Burakumin groups angry at Google Earth

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    The AP reports that certain groups representing burakumin in Japan are angry because Google included Edo period maps of Japan in its map collection available on Google Earth, allowing users to identify areas associated with burakumin:

    Google Earth’s maps pinpointed several such areas. One village in Tokyo was clearly labeled “eta,” a now strongly derogatory word for burakumin that literally means “filthy mass.” A single click showed the streets and buildings that are currently in the same area.

    Google posted the maps as one of many “layers” available via its mapping software, each of which can be easily matched up with modern satellite imagery. The company provided no explanation or historical context, as is common practice in Japan. Its basic stance is that its actions are acceptable because they are legal, one that has angered burakumin leaders.

    “If there is an incident because of these maps, and Google is just going to say ‘it’s not our fault’ or ‘it’s down to the user,’ then we have no choice but to conclude that Google’s system itself is a form of prejudice,” said Toru Matsuoka, a member of Japan’s upper house of parliament.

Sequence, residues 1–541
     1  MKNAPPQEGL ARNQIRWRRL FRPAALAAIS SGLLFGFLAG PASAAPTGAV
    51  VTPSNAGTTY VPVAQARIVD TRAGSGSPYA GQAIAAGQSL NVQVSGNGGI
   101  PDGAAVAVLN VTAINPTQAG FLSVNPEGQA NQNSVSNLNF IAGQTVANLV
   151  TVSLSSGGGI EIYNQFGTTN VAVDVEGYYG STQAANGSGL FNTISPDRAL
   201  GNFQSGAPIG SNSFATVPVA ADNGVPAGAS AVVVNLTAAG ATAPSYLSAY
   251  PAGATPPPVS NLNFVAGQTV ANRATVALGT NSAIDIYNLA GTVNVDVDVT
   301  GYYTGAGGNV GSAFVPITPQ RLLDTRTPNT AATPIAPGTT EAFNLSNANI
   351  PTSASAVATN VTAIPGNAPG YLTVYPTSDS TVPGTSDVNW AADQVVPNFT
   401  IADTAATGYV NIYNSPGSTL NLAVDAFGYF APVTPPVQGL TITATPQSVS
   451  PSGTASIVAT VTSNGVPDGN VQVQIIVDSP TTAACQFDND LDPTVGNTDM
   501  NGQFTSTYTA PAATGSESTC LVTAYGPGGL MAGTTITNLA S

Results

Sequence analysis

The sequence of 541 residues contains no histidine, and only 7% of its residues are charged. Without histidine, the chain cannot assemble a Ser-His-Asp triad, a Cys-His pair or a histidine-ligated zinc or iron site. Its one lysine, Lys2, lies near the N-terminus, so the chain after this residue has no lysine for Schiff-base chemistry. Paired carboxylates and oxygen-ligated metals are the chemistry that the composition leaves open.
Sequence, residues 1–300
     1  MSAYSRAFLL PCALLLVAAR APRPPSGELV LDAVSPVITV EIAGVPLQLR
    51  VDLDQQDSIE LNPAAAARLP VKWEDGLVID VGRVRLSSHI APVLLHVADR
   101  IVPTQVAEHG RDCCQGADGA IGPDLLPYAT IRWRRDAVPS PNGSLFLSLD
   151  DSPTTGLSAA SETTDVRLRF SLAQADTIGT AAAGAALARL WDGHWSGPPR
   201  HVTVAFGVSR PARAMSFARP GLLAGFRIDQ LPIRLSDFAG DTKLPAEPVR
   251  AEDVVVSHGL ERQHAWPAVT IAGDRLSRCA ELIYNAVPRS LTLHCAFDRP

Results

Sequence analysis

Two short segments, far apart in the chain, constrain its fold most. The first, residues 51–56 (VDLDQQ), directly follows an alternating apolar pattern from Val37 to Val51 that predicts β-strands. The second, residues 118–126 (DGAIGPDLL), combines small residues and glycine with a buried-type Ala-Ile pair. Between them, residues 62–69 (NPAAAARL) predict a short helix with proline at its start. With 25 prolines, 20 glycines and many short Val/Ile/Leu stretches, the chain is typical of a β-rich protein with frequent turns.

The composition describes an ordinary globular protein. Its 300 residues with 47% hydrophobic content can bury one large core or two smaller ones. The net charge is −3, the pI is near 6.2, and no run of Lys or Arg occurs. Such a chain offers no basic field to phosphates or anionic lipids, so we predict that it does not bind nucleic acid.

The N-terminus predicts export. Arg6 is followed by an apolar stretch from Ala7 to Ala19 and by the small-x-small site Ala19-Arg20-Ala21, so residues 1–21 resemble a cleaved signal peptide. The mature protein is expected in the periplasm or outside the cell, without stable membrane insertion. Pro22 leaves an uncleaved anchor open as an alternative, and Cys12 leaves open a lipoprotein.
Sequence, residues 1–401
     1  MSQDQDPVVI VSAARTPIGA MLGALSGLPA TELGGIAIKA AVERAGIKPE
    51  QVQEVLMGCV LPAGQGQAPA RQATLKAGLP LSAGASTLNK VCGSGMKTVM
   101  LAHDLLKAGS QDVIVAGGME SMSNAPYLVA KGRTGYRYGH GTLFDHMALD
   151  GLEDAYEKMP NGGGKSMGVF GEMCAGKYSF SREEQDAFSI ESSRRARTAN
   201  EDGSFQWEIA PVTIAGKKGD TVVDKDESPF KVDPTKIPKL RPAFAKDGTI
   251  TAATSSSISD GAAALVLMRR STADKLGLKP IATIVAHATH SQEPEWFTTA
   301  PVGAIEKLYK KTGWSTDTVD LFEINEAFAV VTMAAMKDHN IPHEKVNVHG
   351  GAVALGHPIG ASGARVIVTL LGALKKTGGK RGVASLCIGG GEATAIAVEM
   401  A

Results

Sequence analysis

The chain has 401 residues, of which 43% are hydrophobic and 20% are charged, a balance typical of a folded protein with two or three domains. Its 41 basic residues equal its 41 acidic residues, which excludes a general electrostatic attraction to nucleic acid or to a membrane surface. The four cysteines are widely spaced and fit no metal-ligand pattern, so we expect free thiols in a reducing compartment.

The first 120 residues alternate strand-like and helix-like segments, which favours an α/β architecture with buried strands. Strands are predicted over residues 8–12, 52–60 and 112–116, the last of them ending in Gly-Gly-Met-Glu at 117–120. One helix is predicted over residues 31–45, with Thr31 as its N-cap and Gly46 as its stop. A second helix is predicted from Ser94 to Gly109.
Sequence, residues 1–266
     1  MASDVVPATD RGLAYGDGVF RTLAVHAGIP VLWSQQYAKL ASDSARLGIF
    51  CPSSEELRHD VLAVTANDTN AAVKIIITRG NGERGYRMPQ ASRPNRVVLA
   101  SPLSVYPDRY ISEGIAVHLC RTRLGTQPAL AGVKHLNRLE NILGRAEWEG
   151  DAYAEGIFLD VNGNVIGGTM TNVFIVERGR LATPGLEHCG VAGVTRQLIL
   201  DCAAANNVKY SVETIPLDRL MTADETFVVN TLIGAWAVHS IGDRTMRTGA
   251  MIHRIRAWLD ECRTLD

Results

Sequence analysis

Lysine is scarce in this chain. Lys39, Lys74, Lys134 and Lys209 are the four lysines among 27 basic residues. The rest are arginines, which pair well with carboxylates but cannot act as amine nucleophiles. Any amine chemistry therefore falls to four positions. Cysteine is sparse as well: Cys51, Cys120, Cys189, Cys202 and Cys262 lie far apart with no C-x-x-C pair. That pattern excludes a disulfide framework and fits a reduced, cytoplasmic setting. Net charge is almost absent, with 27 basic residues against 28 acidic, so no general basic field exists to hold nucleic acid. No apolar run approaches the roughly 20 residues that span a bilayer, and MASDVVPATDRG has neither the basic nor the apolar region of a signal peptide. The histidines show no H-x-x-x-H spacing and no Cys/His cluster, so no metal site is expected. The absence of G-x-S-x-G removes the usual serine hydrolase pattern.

Asked about its stance on the issue, Google responded with a formal statement that “we deeply care about human rights and have no intention to violate them.”

    Google spokesman Yoshito Funabashi points out that the company doesn’t own the maps in question, it simply provides them to users. Critics argue they come packaged in its software, and the distinction is not immediately clear.

    Google is breaking no laws in its display of old maps.

    I spent about an hour exploring some of the Edo period maps available on Google Earth [which are, by the way, incredibly awesome]. Unfortunately, since I know about as much about burakumin as the average Japanese person, I didn’t have much luck in finding one of the Eta-mura described, so here’s the screenshot the AP used:

    Google Earth

    Update: I discovered why I couldn’t find the buraku villages. Google has already censored the 1806 map of Osaka:


    It’s right near the present day location of Ashiharabashi Station. I have no issues informing the world of this fact because it is not a secret: the Wikipedia article about that part of Osaka (Naniwa-ku), is quite open in reporting that the area has a large burakumin community. The Osaka Human Rights Museum (mostly dedicated to the history of discrimination against burakumin) is located in Naniwa-ku.

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